The Azerbaijani State Border Service has warned that the organisers of ‘provocations’ at the border with Georgia will be ‘held responsible’. They claimed on 3 June to have learnt a plot by four people to violate the border near the disputed Davit Gareja monastery complex (known as Keshikchidagh in Azerbaijan) the following day.
On 4 June, the border service said that they had foiled the plot with the help of their Georgian counterparts.
The warning came a day after it emerged that the Georgian State Security Service (SSG) had summoned Davit Katsarava, leader of the Power is in Unity group for questioning.
Katsarava and his group held several protests over the closure of access to the Udabno Monastery by Azerbaijani border guards in April 2019.
On 30 May, the SSG announced they had launched an investigation into an unnamed group for ‘racial discrimination’.
In a statement, the SSG said they were looking into attempts to stoke tensions between ethnic Georgians and ethnic Azeris in Georgia’s Kvemo Kartli and Kakheti regions. They did not specifically mention Katsarava or if their investigation concerned developments around Davit Gareja.
Speaking to Formula, Katsarava said he ‘asked them why they were summoning me, they said that they were going to question me regarding Gareja. They didn’t say anything else, unfortunately’.
In their statement, the SSG said that certain individuals were trying to incite national rivalry between ethnic Georgians and Azerbaijanis by spreading false information.
‘The group of individuals is trying to portray a situation through its public statements or ideology, as if ethnic Georgians are given advantage in comparison to other citizens of Georgia of ethnic minority, which increases risks of arising of a national conflict’, the statement said.
The State Security Service has also questioned Marneuli-based ethnic Azerbaijani activist Samira Bayramova as a witness.
Bayramova told OC Media that she was not allowed to discuss the questions she was asked. She added that she spoke about a controversy surrounding a statue of Nariman Narimanov, a Tbilisi-born Azerbaijani Bolshevik politician and writer, in Marneuli.
The statue was recently renovated by the Marneuli Mayor’s Office. On 24 May, Marneuli and Hujabi Bishop Giorgi Jamdeliani criticised the mayor ‘for renovating a figure of bolshevik past’ and demanded the statue be taken down.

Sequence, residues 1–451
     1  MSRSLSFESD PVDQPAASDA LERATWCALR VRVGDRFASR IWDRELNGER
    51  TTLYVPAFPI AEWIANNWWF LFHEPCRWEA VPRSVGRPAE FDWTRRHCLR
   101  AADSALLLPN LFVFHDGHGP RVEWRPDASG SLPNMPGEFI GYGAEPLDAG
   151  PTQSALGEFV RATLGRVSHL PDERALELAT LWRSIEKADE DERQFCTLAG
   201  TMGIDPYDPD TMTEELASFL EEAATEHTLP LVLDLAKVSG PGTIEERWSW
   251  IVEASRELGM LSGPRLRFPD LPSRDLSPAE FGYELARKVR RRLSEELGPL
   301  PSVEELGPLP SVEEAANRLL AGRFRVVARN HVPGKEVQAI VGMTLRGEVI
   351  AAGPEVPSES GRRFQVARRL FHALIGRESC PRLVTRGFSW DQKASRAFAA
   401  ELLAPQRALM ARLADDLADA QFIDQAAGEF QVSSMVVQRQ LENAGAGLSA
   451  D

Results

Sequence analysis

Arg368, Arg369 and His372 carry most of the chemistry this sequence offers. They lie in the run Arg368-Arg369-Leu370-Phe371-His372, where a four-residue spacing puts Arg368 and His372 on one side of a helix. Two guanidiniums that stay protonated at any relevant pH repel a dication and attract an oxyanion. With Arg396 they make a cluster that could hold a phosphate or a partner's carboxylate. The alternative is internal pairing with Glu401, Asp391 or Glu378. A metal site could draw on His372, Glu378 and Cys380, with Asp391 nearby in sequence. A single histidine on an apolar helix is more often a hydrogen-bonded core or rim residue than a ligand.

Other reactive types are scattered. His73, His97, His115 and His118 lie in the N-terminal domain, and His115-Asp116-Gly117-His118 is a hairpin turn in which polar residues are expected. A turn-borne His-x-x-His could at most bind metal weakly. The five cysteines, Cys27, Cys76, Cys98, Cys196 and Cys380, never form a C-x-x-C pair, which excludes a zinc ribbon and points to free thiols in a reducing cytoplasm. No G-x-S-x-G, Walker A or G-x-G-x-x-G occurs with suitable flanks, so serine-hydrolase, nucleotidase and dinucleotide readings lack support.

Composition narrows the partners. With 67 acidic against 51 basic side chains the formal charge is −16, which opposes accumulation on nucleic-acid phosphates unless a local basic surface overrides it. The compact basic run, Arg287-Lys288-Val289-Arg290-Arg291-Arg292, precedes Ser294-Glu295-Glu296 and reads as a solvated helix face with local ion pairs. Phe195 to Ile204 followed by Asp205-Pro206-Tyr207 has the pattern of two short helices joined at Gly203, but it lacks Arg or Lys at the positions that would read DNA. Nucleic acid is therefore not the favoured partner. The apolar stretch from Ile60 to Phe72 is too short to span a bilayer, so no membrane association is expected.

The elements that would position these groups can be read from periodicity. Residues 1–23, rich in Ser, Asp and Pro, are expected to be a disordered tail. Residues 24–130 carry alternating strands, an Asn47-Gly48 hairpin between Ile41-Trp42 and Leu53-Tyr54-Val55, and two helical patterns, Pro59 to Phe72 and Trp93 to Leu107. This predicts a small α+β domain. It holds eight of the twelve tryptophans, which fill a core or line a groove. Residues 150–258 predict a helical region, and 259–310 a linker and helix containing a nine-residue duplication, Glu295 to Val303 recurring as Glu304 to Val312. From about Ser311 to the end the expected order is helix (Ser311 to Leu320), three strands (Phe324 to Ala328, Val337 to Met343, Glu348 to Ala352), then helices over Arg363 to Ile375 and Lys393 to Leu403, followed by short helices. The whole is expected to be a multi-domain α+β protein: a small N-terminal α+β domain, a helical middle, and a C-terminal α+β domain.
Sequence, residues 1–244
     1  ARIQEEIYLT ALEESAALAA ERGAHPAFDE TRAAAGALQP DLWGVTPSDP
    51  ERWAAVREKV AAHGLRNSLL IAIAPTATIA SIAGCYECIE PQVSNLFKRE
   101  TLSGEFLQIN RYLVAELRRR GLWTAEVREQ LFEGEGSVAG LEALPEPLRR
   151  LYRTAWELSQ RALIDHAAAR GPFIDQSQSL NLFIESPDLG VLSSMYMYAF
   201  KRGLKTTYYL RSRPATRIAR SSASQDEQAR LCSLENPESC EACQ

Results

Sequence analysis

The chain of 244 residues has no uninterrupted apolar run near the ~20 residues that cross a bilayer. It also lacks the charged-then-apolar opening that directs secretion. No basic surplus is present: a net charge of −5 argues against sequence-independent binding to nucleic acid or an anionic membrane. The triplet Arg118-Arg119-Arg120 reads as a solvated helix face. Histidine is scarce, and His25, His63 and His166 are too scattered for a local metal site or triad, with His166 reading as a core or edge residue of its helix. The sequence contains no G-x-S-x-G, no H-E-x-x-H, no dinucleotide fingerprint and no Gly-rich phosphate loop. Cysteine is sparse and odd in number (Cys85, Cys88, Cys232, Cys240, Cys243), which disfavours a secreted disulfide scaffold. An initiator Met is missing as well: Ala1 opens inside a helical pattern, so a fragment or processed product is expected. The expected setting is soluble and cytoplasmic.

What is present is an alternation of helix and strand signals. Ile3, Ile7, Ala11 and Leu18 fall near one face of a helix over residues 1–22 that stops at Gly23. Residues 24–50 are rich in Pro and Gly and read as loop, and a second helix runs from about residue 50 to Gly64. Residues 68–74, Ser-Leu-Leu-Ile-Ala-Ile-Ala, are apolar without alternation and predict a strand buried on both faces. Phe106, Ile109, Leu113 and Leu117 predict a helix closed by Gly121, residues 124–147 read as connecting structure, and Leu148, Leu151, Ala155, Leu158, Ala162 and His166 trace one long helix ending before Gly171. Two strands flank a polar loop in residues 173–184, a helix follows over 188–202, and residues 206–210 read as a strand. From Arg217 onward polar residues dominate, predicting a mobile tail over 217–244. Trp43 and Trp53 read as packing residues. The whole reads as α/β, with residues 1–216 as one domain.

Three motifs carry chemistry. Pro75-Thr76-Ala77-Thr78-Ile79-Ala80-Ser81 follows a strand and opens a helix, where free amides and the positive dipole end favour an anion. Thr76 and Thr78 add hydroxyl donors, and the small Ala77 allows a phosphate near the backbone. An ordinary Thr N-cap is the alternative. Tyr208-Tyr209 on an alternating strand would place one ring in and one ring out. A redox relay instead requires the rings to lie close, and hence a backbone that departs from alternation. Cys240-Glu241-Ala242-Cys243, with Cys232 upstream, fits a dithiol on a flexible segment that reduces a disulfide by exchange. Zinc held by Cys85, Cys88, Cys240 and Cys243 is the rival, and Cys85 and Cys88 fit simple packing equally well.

‘Everybody should know that this is a multi-ethnic settlement. Azerbaijanis, Greeks, and Armenians live here. These centuries prove that we lived united as brothers. Moreover, they should remember that they are citizens of this country, that they live on our land. Who loves our land, uses it and is ready to come out to protect it, regardless of their ethnicity or religion, may they rejoice in Georgian land’, said Jamdeliani on 24 May.
Ethnic Azerbaijanis in Marneuli criticised the demand, alleging that the real reason for the protestations was Narimanov’s ethnicity, which Jamdeliani denied.
Samira Bairamova told OC Media that some of the questions she was asked were insulting.
‘I told them about the Bishop’s discriminatory comment. He said that ethnic Azerbaijanis live and use Georgian land, which is discriminatory, unacceptable and insulting. They are trying to portray it as if Georgians are supreme and others are settlers’, said Bayramova.
The SSG told OC Media that no one had so far been charged or arrested.
Tensions over Davit Gareja
The issue of the undelimited border between Georgia and Azerbaijan was raised by Georgian president Salome Zurabishvili during a visit to Baku in February 2019. After meeting her Azerbaijani counterpart Ilham Aliyev, Zurabishvili said that Georgia and Azerbaijan ‘should finally define their mutual border’.
On 20 April, Zurabishvili visited Davit Gareja following which Azerbaijan closed access to the Udabno Monastery for several days.
The ban triggered protests both at the Monastery complex and in front of the Azerbaijani Embassy in Tbilisi. Georgian activist groups and clerics also held several rallies at Davit Gareja in late May.
[Read more about Davit Gareja on OC Media: Azerbaijan restores Georgian access to Davit Gareji monastery]
A similar controversy occurred in May 2012 when Azerbaijan restricted access for tourists travelling from Georgia to the Udabno Monastery for 15 days.
Azerbaijan has claimed the area is a site of ancient Caucasian Albanian origin and part of Azerbaijan’s cultural heritage; Georgia insists it is a Georgian Orthodox site.
‘We shouldn't succumb to provocations’, the head of the Georgian Orthodox Church, Patriarch Ilia II, stated on 27 May, warning against any third parties working to disrupt Azerbaijani–Georgian relations.
Earlier that month, the Patriarch’s office disavowed anti-Muslim statements after Archimandrite Iobi said the controversy could turn into a ‘religious war’ and that priests should be first to lead ‘if blood needs to be spilt’.
On 15 July, the Georgian Foreign Ministry urged the public to exercise restraint in order to ensure a proper environment for the joint Azerbaijani-Georgian delimitation commission to continue its work.
The same day, officials from both countries met at the border. The joint commission met twice in May 2019 and was set to continue meeting.
On Thursday, Archpriest Shio Mujiri, the incumbent to the patriarch’s throne, told journalists that he was hopeful they would soon be able to restart prayers in the Gareja monasteries.
‘As you know, there’s a new mutual commission. We hope that this commission is more persevering […] and therefore we are hopeful that soon we will be able to pray here. We also hope that our brotherhood with Azerbaijan will also be retained and the truth will be ascertained’, Mujiri said.